Notes over Antonio Gramsci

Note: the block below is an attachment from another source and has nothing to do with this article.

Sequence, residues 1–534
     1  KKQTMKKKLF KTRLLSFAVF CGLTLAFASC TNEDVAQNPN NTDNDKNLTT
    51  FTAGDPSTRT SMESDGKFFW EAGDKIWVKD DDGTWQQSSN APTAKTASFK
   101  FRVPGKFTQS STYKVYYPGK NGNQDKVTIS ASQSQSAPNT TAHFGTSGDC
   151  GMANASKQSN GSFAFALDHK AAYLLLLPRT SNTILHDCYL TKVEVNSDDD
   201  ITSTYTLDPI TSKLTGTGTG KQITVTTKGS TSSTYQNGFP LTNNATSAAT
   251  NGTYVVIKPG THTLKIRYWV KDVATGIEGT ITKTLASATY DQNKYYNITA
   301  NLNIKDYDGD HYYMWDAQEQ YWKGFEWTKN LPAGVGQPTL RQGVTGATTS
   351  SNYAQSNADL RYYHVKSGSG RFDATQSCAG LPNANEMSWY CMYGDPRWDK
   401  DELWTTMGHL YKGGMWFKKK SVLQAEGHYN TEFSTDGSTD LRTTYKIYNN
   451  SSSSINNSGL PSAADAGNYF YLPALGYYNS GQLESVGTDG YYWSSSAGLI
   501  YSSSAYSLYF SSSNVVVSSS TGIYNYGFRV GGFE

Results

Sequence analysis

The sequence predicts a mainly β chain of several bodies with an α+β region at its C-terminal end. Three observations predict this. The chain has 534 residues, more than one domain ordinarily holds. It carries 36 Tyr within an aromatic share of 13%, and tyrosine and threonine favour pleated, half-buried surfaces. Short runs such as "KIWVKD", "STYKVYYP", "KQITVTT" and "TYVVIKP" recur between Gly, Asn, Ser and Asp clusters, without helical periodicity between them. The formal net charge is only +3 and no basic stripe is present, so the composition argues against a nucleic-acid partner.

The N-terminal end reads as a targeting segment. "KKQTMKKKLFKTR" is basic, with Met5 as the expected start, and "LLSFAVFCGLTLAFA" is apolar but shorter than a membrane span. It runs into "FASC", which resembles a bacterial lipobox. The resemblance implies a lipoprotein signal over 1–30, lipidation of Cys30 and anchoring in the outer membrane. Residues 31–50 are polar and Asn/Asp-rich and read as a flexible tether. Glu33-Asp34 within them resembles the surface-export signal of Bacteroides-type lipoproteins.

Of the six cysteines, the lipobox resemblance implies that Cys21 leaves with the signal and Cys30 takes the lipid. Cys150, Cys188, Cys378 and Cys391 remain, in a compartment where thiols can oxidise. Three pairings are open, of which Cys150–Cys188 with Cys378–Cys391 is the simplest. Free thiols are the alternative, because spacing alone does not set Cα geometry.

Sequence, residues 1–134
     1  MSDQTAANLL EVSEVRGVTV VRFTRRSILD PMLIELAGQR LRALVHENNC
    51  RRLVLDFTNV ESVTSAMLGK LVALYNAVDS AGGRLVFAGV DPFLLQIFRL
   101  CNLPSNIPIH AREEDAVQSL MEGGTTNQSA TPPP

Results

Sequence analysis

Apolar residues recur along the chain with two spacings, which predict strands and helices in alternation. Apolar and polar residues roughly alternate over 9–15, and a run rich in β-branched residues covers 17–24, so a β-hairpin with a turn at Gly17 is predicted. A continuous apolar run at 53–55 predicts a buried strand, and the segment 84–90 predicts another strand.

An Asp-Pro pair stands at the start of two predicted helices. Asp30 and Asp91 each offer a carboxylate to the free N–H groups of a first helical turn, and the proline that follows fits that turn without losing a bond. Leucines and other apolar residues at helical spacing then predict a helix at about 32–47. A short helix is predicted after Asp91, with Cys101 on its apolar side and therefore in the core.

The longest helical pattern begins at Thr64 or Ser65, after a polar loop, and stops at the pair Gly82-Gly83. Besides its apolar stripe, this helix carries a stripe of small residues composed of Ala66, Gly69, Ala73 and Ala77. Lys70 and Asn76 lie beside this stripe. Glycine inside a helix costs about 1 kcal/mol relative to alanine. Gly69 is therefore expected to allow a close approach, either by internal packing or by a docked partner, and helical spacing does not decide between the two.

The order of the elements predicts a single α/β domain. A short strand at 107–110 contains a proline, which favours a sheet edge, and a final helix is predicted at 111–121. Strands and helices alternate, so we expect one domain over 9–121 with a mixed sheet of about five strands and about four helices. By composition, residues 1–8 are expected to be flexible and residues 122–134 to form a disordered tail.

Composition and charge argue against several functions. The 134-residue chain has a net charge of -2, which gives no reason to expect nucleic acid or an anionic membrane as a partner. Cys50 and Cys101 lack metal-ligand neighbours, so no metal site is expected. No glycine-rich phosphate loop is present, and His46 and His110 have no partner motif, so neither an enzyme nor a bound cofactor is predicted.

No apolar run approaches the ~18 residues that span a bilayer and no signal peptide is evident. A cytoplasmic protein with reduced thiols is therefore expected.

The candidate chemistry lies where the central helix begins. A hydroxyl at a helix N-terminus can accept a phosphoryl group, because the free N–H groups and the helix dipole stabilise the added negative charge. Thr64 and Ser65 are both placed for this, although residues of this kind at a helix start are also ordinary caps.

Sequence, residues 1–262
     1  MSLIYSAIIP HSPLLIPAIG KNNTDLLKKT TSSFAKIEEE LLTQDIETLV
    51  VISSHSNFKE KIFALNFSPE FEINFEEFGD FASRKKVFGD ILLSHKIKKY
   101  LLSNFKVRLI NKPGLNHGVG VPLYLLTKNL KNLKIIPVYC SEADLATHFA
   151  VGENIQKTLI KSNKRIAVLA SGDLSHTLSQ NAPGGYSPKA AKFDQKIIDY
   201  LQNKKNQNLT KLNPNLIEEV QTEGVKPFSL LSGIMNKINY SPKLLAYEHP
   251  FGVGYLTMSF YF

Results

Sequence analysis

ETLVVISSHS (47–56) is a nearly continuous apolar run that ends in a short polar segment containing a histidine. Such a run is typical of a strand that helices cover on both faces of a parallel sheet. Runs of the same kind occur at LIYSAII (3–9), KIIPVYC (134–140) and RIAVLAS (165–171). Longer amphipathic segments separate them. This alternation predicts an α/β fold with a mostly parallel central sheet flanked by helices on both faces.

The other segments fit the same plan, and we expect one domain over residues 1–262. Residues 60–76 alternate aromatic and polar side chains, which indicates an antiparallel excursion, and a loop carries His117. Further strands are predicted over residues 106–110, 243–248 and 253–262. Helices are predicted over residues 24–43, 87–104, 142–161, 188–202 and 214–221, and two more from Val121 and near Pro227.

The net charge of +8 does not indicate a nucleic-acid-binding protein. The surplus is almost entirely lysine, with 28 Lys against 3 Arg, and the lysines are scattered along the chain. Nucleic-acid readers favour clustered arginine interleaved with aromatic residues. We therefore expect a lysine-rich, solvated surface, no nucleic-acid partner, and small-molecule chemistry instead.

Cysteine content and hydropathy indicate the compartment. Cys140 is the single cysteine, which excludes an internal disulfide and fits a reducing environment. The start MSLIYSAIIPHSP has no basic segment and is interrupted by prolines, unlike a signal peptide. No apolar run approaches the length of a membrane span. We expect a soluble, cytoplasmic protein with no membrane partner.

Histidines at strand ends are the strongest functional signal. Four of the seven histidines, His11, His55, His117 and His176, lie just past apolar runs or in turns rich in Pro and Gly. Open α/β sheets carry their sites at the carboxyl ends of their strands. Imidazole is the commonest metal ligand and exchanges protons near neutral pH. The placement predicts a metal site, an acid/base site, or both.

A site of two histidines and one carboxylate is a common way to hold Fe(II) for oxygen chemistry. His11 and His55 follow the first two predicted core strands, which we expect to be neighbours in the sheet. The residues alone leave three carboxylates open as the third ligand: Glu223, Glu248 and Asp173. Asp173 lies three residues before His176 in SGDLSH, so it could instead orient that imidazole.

Antonio Gramsci lived from 1891 until 1937, where he died in an Italian (fascist) prison. He was arrested in the mid 20’s for being the leader of the Italian Communist Party, a position that provoked fear among the Italian Fascist ruling party. During is conviction, the prosecutor made the comment he wanted to not only imprison Gramsci but also deprive him the ability to use his mind for twenty years. Quite the contrary, Gramsci’s writings in prison constitute the sum of his intellectual powers- in over thirty notebooks, Gramsci details and clarifies his views on Marxism and the problems faced by Socialism in the early 20th Century. His work deals primarily with the concept of Hegemony, especially hegemony as manifested in, and through the state. Some key points to remember when reading Gramsci’s ideas: 1. He was writing during the height of Imperialism (1919-1930’s) 2. This period is marked by the dominance of capital in economic relations- one of the features of Imperialism Gramsci is concerned with the immergence of the Masses into politics, and seeks to find an explanation for how the bourgeoisie have managed to seize and maintain control. Particularly he deals with the problems found in Italy during this period, but is also conscious of the real difficulties faced by the Soviet State as well. The Prison Notebooks The agent of action in Gramsci’s writings is the Political State. He touches on the role and importance of political parties, yet his theory articulates the role a ‘ruling’ party should play. To begin, how does one secure rule in the state? 1. A party must be able to lead Allied Classes necessary to sustain ‘new permanent base’ 2. It must dominate the opposing classes. This occurs through co-opting the opposing elites, and in doing so one effectively neuters the enemy. For Gramsci, the control of the elites, and in particular the intellectuals, is key to assuming power. These elements have direct influence over the shape of culture a society possesses. The State is a combination of instruments of force of class + activities that enable social relations to be reproduced. Elites and Intellectuals create those activities that are defined as ‘social relations’, which in turn are used to justify and give authority to the instruments of force of class. Hegemony: Combination of force and coercion kept in balance so that force does not overwhelm but appears to be backed by majority consent, expressed by the organs of public opinion. (The role of Newspapers and Education are of major importance here) When a State can not only justify its rule, but also manifest this justification through the organs of society (education, folklore, ideology); in effect the state is able to create and perpetuate itself then it has achieved “Political Hegemony”. Without this complete assurance of continuation, i.e. without political hegemony, there can be no power or sustained rule. Social activities then fall under the abstract term of Culture, which Gramsci sees as a widespread phenomena within the state. Intellectuals are key to the development of